It's National Grandparents’ Day this Sunday and we’re in a reflective mood about how our parents’ parents teach us so many valuable life lessons.
It’s been almost a year since my nan died and I think of her often. A remarkable woman and a wonderful role model, she taught me so many valuable life lessons that I took with me from childhood to adulthood. She was such an important figure in my sister’s and my life as we were growing up – so much so, that I went on to name my daughter after her. So, with National Grandparents Day happening this Sunday, I wanted to give a shoutout to all the wonderful grandparents out there – past and present, in person and in spirit – and show just how important they are.
Why grandparents are so important
Grandparents, if you’re lucky enough to have a relationship with them, teach us so much. Respect, love, appreciation, family history, kindness, patience… the list goes on. My nan instilled in me – among other things – a love for baking, Frank Sinatra, old Hollywood musicals, sewing and black and white movies.
On a deeper level, she taught me how to stand up for myself and for what I believed in, to not to let anyone take me for a fool and to always be loyal to loved ones. She showed me that sometimes we all have to do things we don’t want to, because sometimes those very things are important to the people we hold dear. She showed me the good qualities of being able to let loose, be silly and being able to laugh at myself – something I have carried with me all through my life and now show my own children. And she taught me that, often, when you’re stuck in an endless loop of deliberation, that the mantra “If in doubt, leave it out” usually rings true.
The greatness of grandparents
And she was so much fun. My sister and I would spend huge chunks of our school holidays at her house and we’d love every minute. She knew how to make toast just the way us two foodies-in-the-making liked it: lightly coloured, butter spread right up to the edges and finished off with the perfect amount of Marmite. She’d make clothes from scratch for our Barbie dolls, and she’d knit our teddies blankets because duh, it was winter and they’d be cold otherwise. She whole-heartedly encouraged me to empty her kitchen cupboards of all the tins and packets and play make-believe with her pots and pans. She’d play nurses with us, help us create tents using old sheets draped over the sofas, and play the piano while singing “When I’m Sixty-Four”.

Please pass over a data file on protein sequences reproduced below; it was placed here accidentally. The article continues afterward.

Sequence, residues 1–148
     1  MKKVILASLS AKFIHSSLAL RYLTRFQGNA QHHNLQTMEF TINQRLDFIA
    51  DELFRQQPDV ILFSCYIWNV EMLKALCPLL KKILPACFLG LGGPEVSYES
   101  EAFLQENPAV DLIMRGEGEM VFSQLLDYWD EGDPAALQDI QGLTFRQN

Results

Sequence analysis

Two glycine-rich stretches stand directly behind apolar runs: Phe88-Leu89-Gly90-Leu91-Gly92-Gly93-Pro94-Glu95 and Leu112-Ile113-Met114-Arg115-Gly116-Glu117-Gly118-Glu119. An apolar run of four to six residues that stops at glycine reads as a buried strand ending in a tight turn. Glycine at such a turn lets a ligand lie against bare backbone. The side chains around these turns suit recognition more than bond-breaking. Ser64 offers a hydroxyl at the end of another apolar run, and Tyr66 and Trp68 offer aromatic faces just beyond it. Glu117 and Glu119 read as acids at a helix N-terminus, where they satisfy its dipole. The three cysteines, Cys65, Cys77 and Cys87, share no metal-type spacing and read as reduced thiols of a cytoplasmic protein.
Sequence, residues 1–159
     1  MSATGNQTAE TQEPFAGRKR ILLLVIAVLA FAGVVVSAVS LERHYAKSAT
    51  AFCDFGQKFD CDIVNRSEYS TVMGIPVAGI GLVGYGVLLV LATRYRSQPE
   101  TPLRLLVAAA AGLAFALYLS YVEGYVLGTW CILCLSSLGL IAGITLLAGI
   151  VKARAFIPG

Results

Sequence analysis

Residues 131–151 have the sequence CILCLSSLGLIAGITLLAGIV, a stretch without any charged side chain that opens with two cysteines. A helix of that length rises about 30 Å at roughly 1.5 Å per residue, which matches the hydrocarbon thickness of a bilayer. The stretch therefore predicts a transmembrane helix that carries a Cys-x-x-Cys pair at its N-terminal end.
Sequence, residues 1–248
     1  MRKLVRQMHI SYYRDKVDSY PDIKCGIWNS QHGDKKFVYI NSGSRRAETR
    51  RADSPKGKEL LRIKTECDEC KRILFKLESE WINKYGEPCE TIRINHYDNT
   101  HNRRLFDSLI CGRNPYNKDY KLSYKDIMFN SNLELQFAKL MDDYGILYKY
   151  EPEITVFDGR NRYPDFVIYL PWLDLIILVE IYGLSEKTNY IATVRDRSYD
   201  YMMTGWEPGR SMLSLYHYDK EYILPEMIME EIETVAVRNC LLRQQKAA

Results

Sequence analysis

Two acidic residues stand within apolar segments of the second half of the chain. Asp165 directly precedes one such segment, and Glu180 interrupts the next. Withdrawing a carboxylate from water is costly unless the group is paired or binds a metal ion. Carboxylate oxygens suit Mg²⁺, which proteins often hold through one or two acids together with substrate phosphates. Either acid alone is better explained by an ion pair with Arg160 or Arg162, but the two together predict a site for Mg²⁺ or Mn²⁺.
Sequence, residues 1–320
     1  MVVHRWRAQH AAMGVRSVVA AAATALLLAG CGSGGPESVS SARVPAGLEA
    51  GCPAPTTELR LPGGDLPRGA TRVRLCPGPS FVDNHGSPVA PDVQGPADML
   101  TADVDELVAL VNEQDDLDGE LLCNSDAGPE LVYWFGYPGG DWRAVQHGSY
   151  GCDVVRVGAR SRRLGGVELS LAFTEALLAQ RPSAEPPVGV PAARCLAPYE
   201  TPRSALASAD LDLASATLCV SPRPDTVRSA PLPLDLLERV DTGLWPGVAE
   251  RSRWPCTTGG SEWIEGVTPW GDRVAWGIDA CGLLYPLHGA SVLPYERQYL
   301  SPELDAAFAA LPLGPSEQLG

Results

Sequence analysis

I could go on, but no amount of words would do her justice. What I hope is clear is how important grandparents are in shaping us, guiding us and supporting us as we grow up. Grandparents aren’t about discipline and the everyday stresses of parenting. They’re all about unconditional love – and lots of fun. And it’s not just the kids who benefit from a relationship with grandparents. For parents, they offer support, advice, a link to tradition… and, let’s be honest, babysitting or childcare duties!
Memories in the making
Despite the guilt I feel for being halfway around the world from my family (one of the worst parts of expat life!), I try my darndest to keep up regular video calls with my mum so my little ones will see her lots, albeit not in the flesh. And my husband does the same with his folks.
When you have kids of your own, you (hopefully) learn that both sets of parents did okay raising the pair of you. Sure, their advice might be a little outdated. Yes, their memories of the terrible toddler years are verrrrrry dusty (“Our kids always did as they were told!” Really? Really?). And, while they might drive you nuts at times, they’re not trying to take over – they just want to get involved. So let them. Think of all those lovely memories in the making your kids are forming.
Happy Grandparents Day.
This article was first published in November 2019